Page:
Bracket 68 moves longitudinally along drive screw 64 in either direction 108 or 110 upon rotation of drive screw 64. When bracket 68 is positioned between mid-line 170 and housing 62, lifting arm 70 is elevated while lifting arm 72 is positioned in its lowered position, as illustrated, for example, in
Chain 66 moves with bracket 68 to cause lifting arms 70, 72 to raise and lower. Movement of bracket 68 away from mid-line 170 toward housing 62 in direction 110 causes chain 66 to move past idlers 130, 138, 140 of housing 60 to pull upwardly on flange 126 of housing 60 and thereby raise lifting arm 70 to tilt support surface 12, as illustrated, for example, in
Similarly, movement of bracket 68 away from mid-line 170 toward housing 60 in direction 108 causes chain 66 to move past idlers 130, 138, 140 of housing 62 to pull upwardly on flange 126 of housing 62 and thereby raise lifting arm 72 to tilt support surface 12, as illustrated, for example, in
An advantage of lifting apparatus 56 is that a single actuation means can be used to tilt support surface 12 in either direction 48 or 50, as illustrated, for example, in FIG. 2. Lifting apparatus 56 includes hand crank 46 which is rotatable in directions 98, 100, as illustrated, for example, in
Another embodiment of the lifting apparatus, indicated by reference numeral 250, is shown in
As described in the previous embodiment, each lift bar 70, 72, includes a rounded head for bars 88, 90. (See also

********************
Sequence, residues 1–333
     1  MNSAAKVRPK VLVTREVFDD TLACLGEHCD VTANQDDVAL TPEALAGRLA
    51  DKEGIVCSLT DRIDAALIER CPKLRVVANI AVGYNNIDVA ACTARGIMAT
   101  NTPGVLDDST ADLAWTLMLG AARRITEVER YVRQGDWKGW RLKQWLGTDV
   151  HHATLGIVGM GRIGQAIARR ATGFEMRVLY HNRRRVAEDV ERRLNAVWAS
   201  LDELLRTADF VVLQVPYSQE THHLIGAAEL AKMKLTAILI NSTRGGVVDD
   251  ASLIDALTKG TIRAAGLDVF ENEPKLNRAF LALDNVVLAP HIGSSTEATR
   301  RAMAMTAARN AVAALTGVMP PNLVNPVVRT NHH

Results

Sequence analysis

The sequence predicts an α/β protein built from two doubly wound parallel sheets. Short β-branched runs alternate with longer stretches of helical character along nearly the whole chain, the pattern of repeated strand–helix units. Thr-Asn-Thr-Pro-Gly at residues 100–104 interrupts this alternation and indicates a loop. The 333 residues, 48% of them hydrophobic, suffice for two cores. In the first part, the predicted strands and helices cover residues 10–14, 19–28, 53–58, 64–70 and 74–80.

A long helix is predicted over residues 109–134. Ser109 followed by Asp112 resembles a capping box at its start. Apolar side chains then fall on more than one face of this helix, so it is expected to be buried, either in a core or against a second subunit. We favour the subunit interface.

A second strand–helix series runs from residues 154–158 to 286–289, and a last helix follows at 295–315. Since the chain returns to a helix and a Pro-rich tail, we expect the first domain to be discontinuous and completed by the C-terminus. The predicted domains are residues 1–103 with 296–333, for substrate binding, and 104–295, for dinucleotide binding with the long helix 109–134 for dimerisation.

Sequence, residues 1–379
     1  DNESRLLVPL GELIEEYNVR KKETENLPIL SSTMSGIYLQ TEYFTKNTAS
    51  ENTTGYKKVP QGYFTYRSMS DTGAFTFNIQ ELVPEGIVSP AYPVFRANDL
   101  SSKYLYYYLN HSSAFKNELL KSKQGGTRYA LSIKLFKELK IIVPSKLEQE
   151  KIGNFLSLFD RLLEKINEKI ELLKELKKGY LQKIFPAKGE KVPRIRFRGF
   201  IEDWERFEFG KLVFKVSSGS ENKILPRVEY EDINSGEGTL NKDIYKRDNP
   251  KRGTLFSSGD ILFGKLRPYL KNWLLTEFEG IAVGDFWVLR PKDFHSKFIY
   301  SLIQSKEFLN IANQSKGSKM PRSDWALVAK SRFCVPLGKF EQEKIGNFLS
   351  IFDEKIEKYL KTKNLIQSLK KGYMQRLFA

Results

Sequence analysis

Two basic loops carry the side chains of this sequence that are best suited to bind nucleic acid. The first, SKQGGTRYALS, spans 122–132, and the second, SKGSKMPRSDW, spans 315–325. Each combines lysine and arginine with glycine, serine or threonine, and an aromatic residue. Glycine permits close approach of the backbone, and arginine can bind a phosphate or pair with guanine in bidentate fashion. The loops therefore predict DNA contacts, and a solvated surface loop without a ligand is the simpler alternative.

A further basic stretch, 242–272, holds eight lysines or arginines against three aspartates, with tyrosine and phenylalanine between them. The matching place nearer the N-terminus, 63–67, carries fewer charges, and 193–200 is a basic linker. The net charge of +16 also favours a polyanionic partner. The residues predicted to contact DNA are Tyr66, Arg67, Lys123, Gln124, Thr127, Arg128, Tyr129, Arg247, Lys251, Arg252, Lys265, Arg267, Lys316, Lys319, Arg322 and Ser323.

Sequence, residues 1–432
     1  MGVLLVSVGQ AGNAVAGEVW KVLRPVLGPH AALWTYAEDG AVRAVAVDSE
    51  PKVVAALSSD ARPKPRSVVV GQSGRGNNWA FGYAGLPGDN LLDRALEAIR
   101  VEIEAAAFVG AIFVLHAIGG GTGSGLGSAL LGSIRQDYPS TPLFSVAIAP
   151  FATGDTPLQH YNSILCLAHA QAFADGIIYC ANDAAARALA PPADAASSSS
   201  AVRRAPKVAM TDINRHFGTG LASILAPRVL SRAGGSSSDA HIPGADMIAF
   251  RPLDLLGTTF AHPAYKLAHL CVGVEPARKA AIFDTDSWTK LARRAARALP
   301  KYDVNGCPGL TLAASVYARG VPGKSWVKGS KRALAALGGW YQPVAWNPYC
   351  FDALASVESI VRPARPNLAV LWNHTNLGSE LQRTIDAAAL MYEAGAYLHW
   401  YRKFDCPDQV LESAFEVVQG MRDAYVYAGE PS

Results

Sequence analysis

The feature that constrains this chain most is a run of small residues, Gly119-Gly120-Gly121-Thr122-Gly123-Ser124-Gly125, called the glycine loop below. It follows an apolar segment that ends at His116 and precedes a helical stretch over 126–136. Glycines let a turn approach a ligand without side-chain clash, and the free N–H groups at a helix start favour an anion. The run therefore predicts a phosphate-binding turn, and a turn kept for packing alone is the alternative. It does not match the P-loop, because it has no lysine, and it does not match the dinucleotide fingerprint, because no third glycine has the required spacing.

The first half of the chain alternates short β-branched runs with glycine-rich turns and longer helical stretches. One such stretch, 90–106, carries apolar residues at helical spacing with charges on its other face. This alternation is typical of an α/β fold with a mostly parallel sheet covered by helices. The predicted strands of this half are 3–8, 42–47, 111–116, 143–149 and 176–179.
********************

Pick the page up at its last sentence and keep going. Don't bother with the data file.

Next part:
Lifting apparatus 250 also comprises a loss-motion drive mechanism 254 that includes a motor 256, a belt drive system 258, a first drive shaft 264, first and second loss-motion drive plate assemblies 266, 268, and second and third drives shafts 270, 272. A base panel 274 is positioned between housing mechanisms 260, 262, to support the loss-motion drive mechanism 254. Motor 256 is a conventional bi-directional motor attached to bracket 276 which is attached to the lower surface 278 of panel 274. A drive shaft 280 extends from motor 256 and a first belt spool or wheel 282. A belt 284 is coupled to first belt spool or wheel 282 and extends through an opening 286 of base panel 274 coupling to a larger second belt spool or wheel 288, as shown in FIG. 9. Accordingly, as motor 256 rotates, first spool or wheel 282 is caused to rotate translating motion to second belt spool or wheel 288 through belt 284. First drive shaft 264 is caused to rotate in either direction 290, 292, depending on the rotation of motor 256. To support drive shaft 264 while it is rotating, it is disposed through support blocks 303, 304, that is appended to surface 308 of panel 274. The first end 294 of drive shaft 264 is coaxially attached to drive plate 296 of second loss-motion drive plate assembly 268. Second end 300 of drive shaft 264 is coaxially attached to drive plate 302 of the first loss-motion drive plate assembly 266. Each drive plate 302, 296 is engageable with a driven plate 306, 308 forming lost-motion assemblies 266, 268. Second and third drive shafts 270, 272 attach to driven plates 306, 308 at ends 310, 312, respectively. To support shafts 270, 272, they are disposed through support blocks 314, 316, that are appended to surface 308 of panel 274 in similar fashion to support blocks 303, 304, previously discussed.
Opposite ends 310, 312, of shafts 270, 272, extend in and are rotationally coupled to housing mechanisms 260, 262, respectively. As shown in
A link 340 is attached to both chain 332 and lifting bar 70. As chain 332 moves in a direction 238, lifting bar 70 is caused to elevate in direction 84. Elevating bar 70 thereby causes support surface 12 to tilt to position 48, as depicted by hatched lines 78. (See